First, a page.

Dear College Students,
Your college years are set in a political and social context far different from the one I experienced just a decade ago. Momentum was already building for Barack Obama’s candidacy by the time I matriculated, and during my sophomore year, I voted for him in my first election. I stayed up on election night to hear the results and then headed straight to the library to prepare for a 9 a.m. meteorology exam. Despite knowing that I had performed poorly on the test — non-social sciences were not my forté — I walked home smiling ear to ear because Barack Obama’s election symbolized that my own possibilities were limitless.
You are experiencing “the best years of your life” in the midst of a much more tumultuous time. While I left college optimistic about the direction of race relations in this country, the present is a scary and divisive time, regardless of your political disposition. News stories about deadly shootings, White nationalist rallies and threatening legislation fill your newsfeeds. Natural disasters and domestic terrorism replay on 24-hour coverage. For many of you, such catastrophes are not abstract and intangible. They have real repercussions for your physical, emotional and mental health.
College is romanticized as a time when you will have fun and have your ideas challenged. Despite campus efforts to raise awareness about mental health, for many, learning how to care for yourself and maintain balance are too often relegated to the backseat. The pressures of keeping up with schoolwork, employment and commitments to loved ones can be challenging and may be exacerbated during periods of turmoil like the one in which we are currently situated.
However, it is OK to feel overwhelmed. It is OK to need a break. It is OK to reach out for help.
I learned this lesson the hard way, soon after I finished college and was enrolled in a graduate program. My naïveté was shattered when Trayvon Martin’s killing hit the news. Shock led to anger. I thought in circles trying to reconcile the consequences of his Blackness and Obama’s Blackness with my own. Disillusionment with my idealistic worldview led to a consuming impulse toward activism.
Activism can be thrilling, gratifying and cathartic. It can be thoughtful, strategic and impactful. It can be exhausting, risky and dangerous. It can be all of those things at once. For me, unfortunately, my health suffered as a result. Only in hindsight can I recognize the moments when it would have been in my best interest to have told someone that I felt overwhelmed. I ought to have taken a break and reached out for help.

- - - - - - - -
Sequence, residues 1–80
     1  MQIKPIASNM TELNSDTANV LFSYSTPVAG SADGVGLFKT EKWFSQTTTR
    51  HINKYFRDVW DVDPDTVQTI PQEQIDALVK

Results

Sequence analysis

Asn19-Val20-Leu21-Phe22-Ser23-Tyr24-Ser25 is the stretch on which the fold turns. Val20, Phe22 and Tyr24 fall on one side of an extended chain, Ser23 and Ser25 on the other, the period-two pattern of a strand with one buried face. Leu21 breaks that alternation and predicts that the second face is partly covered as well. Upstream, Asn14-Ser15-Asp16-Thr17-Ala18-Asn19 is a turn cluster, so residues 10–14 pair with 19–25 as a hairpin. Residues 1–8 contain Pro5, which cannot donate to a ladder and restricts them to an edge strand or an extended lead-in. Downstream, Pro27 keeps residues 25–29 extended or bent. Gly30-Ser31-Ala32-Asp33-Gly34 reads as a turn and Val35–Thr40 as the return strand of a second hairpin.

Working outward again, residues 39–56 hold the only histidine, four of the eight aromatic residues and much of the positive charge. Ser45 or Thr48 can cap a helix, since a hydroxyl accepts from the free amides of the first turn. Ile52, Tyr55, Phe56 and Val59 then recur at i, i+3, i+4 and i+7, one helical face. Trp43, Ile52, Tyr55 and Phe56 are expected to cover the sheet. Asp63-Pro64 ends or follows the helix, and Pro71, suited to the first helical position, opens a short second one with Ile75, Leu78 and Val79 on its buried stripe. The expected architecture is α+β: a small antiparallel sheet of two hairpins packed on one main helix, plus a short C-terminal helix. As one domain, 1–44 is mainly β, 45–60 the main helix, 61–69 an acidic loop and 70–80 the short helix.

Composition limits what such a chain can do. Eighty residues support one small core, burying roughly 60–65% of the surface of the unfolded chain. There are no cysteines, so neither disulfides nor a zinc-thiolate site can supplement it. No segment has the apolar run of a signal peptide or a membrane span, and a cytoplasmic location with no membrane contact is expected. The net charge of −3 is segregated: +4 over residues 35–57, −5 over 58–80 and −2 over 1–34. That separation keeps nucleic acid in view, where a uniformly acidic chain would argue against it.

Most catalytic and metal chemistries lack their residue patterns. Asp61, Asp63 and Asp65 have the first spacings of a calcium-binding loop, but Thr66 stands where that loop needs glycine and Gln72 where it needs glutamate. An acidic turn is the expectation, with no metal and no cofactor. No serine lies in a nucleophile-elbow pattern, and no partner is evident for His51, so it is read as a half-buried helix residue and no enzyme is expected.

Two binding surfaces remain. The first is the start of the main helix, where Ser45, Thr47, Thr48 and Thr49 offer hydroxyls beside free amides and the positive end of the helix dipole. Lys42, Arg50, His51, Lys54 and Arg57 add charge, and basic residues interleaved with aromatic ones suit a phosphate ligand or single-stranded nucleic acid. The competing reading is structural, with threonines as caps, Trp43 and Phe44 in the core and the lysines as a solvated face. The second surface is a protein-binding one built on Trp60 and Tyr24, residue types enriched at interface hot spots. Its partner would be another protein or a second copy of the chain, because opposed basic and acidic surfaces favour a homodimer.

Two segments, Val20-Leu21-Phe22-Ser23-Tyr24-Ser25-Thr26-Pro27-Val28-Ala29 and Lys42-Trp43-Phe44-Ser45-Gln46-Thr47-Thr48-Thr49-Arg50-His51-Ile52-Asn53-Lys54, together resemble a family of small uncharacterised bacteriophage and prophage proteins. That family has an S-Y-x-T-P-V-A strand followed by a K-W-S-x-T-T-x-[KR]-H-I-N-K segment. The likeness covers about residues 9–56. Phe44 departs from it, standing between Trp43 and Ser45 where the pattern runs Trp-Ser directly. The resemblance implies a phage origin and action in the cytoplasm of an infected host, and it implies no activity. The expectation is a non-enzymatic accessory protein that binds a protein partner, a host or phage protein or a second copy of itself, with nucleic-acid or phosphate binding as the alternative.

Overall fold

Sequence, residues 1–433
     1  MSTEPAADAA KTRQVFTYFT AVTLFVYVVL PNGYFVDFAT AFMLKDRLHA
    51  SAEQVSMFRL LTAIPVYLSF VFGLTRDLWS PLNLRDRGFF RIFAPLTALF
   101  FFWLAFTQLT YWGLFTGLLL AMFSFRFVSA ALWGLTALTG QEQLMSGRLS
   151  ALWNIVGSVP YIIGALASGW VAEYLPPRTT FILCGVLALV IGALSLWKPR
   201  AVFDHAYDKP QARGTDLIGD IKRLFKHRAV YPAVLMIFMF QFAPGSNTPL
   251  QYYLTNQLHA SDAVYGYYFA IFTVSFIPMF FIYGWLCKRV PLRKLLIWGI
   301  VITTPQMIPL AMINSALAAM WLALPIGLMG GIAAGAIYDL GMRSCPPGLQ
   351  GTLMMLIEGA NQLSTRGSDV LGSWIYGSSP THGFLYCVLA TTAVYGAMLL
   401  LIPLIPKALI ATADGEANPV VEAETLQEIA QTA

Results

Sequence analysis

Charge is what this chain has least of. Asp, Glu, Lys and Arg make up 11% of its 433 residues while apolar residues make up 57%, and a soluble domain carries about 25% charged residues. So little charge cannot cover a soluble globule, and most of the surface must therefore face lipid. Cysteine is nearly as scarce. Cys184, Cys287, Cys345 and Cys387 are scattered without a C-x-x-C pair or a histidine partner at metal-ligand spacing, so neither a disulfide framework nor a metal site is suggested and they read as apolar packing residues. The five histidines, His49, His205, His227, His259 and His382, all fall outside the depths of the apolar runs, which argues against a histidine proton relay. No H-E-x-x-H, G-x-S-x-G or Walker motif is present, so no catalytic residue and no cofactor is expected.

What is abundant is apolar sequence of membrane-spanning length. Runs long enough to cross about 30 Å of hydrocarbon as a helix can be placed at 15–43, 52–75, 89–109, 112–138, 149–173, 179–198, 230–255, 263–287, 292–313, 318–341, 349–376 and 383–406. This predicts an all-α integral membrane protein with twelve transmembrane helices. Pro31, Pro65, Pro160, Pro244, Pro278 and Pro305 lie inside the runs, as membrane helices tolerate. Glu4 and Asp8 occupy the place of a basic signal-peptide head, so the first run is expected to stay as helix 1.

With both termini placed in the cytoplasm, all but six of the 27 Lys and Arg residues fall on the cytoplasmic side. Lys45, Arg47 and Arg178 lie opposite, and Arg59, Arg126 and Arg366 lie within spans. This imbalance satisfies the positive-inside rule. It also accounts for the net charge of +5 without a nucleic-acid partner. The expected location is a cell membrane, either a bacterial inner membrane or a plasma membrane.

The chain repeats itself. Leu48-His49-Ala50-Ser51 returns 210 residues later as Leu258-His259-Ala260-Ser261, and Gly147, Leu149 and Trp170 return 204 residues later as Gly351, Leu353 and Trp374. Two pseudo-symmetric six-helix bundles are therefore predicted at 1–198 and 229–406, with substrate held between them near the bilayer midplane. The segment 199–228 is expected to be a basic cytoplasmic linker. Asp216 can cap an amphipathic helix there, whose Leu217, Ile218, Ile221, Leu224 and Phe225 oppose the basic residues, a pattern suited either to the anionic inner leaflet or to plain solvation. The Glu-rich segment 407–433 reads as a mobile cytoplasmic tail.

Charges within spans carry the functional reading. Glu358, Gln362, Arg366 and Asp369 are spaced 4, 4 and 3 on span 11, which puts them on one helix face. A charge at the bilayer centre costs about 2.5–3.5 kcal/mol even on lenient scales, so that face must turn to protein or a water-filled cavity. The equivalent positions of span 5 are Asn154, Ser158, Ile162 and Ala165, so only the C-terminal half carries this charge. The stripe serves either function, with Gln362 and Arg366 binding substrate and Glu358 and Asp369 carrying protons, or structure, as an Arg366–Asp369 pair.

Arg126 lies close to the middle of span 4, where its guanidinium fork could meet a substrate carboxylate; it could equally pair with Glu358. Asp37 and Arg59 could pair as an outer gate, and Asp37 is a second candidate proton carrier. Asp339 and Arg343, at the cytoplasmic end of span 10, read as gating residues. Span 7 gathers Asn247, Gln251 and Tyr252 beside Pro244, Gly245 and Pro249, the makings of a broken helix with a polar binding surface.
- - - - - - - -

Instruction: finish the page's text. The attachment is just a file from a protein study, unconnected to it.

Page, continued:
You represent a range of identities, hold a variety of perspectives and are inspired to action for a number of reasons. I am writing with the hope that reading this will remind you to be vigilant in your self-care, whatever your inclinations and motivations may be. You don’t have to be everything to everyone all the time. Your presence in college may very well be a powerful form of protest in and of itself, but that doesn’t mean that you can’t take a break.
In many cases, your eventual achievements in higher education may open up doors and grant you more influence on the issues that you care about. That doesn’t necessarily mean you must not act right now; your actions and voice are powerful and capable of bringing about positive change. However, be mindful of the potential costs of each choice you make in the present and how they might interact with your future goals. I know well that it can be easy to be swept away by the current moment; it is hard to see the horizon in the rain.
As is often said but cannot be emphasized enough, neither personal success nor societal progress are linear upward trajectories. Setbacks happen and they can be incredibly difficult to come to terms with. But vulnerability is what makes us human. Remember that self-care and struggle are not incompatible. In fact, self-care nourishes and enables you to persevere.
All the best,
Daniel Blake is a Ph.D. student at the University of Pennsylvania’s Graduate School of Education and a research associate with the Penn Center for Minority Serving Institutions.
Should social and emotional learning be incorporated into educational curricula?